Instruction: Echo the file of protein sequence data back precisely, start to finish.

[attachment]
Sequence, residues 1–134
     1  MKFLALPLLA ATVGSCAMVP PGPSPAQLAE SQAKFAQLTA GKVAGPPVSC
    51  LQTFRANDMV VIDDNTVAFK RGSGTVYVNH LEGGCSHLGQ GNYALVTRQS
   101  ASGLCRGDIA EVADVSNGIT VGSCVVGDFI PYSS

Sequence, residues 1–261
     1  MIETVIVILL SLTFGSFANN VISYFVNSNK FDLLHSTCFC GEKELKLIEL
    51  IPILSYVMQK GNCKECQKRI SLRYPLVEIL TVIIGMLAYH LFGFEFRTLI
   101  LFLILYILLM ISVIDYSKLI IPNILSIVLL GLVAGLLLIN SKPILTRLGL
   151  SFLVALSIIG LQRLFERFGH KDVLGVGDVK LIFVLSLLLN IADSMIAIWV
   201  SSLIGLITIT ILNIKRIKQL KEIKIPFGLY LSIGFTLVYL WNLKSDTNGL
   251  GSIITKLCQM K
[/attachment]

Sequence, residues 1–134
     1  MKFLALPLLA ATVGSCAMVP PGPSPAQLAE SQAKFAQLTA GKVAGPPVSC
    51  LQTFRANDMV VIDDNTVAFK RGSGTVYVNH LEGGCSHLGQ GNYALVTRQS
   101  ASGLCRGDIA EVADVSNGIT VGSCVVGDFI PYSS

Sequence, residues 1–261
     1  MIETVIVILL SLTFGSFANN VISYFVNSNK FDLLHSTCFC GEKELKLIEL
    51  IPILSYVMQK GNCKECQKRI SLRYPLVEIL TVIIGMLAYH LFGFEFRTLI
   101  LFLILYILLM ISVIDYSKLI IPNILSIVLL GLVAGLLLIN SKPILTRLGL
   151  SFLVALSIIG LQRLFERFGH KDVLGVGDVK LIFVLSLLLN IADSMIAIWV
   201  SSLIGLITIT ILNIKRIKQL KEIKIPFGLY LSIGFTLVYL WNLKSDTNGL
   251  GSIITKLCQM K